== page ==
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Marisa Niederauer in racing for long term

Marisa Niederauer, a modified race car driver is

Marisa Niederauer, a modified race car driver is photographed with her car in a barn in Wading River. Credit: Joseph D. Sullivan

Levittown's Marisa Niederauer, 26, races in the modified division at Riverhead Raceway. Her race car is one of the older, more worn-down automobiles on the track.

She is employed as a teacher's assistant, working with autistic children at Developmental Disabilities Institute.

It is costly to get through a season of racing, tens of thousands of dollars for tires, parts and general maintenance. Her salary alone does not cover the racing costs and she missed the season's first two races after a potential sponsor fell through. She has a few smaller sponsors, but that nets her a few hundred dollars per month, which is not enough to support a consistent race car.

She's able to scrape by with occasional help from family and friends but looks longingly at the racers with well-funded sponsors. "It kind of motivates me," said Niederauer, who hopes that some day more lucrative sponsorship will come her way. "It's just a matter of not giving up. And I'm not giving up. I've worked way too hard."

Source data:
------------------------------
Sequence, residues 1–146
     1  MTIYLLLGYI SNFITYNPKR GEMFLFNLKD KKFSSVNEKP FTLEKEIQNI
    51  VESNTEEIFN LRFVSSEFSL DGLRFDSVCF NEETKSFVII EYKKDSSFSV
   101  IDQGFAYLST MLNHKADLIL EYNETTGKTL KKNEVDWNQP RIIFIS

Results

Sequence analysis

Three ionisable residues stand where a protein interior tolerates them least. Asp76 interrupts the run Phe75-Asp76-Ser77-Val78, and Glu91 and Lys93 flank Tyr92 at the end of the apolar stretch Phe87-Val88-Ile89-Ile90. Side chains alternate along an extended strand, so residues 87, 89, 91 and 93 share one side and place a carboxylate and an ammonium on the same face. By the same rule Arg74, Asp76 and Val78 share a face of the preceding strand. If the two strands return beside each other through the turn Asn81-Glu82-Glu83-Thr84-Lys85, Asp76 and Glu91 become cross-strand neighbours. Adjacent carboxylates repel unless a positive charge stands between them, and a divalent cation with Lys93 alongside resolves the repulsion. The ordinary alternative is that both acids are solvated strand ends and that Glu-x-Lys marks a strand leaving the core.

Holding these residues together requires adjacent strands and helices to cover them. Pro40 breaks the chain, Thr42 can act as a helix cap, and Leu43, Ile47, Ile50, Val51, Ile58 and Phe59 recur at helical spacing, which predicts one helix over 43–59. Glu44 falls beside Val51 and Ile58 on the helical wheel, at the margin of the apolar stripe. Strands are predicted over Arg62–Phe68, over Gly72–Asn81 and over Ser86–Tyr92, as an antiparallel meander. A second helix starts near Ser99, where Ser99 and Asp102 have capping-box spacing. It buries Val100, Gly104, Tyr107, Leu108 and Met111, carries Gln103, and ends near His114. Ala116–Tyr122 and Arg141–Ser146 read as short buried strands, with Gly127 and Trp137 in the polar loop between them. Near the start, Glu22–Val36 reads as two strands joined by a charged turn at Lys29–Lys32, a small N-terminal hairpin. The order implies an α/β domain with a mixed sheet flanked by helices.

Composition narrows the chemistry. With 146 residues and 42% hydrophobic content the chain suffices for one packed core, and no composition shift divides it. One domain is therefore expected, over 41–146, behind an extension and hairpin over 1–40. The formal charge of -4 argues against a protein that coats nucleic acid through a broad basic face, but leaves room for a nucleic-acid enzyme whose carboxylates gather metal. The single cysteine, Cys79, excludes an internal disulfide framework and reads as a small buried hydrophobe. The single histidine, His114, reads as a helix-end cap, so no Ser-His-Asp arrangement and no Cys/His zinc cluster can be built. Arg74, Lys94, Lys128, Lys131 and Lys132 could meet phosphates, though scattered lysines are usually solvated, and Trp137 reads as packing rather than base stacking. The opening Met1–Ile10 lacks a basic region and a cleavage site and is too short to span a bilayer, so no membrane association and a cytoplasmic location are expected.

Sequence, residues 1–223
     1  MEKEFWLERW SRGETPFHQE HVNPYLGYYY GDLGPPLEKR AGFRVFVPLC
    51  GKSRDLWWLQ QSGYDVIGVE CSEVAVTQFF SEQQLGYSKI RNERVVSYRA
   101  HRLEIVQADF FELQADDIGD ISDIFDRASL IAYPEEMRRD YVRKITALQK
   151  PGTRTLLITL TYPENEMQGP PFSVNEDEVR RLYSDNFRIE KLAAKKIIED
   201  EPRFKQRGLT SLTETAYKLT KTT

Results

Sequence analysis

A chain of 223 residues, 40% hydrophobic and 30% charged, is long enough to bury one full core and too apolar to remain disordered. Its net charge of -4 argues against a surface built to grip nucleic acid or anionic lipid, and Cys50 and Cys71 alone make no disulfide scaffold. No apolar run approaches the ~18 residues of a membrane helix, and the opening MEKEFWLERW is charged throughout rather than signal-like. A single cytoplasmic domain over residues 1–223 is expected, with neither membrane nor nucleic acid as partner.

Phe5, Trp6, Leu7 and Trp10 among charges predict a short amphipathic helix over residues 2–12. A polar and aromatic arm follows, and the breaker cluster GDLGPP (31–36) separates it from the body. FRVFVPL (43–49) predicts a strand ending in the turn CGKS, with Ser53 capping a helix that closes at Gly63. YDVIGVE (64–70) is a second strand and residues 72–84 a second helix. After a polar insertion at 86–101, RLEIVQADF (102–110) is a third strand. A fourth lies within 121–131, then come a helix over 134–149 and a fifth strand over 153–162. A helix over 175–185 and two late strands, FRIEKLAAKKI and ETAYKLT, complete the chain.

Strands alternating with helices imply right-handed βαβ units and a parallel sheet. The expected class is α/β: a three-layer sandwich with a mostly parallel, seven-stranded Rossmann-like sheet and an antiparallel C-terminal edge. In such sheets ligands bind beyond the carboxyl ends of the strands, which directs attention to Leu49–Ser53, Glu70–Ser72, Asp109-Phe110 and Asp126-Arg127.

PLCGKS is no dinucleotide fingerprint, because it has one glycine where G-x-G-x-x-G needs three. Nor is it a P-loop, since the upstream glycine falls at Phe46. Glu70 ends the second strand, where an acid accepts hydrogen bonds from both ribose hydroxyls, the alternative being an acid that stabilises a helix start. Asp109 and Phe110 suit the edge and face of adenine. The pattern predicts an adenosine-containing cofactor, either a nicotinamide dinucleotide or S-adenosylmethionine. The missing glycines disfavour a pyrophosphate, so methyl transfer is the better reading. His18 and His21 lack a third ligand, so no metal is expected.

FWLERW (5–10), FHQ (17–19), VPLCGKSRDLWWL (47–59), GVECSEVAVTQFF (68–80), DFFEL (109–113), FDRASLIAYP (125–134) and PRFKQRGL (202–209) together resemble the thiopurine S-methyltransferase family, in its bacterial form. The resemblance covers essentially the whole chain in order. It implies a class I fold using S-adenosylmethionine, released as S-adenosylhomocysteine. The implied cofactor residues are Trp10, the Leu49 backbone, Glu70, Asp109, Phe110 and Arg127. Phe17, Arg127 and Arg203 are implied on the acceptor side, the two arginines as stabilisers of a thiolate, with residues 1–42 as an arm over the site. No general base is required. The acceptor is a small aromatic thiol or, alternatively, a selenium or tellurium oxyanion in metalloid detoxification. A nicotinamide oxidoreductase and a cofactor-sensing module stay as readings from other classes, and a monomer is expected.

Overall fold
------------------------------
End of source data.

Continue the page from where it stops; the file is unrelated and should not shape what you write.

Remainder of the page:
She began racing at 8, when her father bought her a go-kart. But in 1997, John Niederauer died in a motorcycle accident.

Marisa continued to race, graduating from go-karts to modifieds. Over the years, she has raced in Riverhead, New England, Pennsylvania and various NASCAR programs with varying degrees of success. But the goal has remained the same.

"I want to move up through the ranks, without a doubt," Niederauer said. "My dream has always been to get as high up through the ranks as I can."

This is her first season at Riverhead since 2007, when she won the modified division's most improved driver award. She is undeterred, though, by the lack of sponsorships or that imperfect race car. Four days a week, she travels from her Levittown home to a garage in Wading River, where she works on the car.

"This is not just a short-term thing for me," Niederauer said. "It's a way of life."

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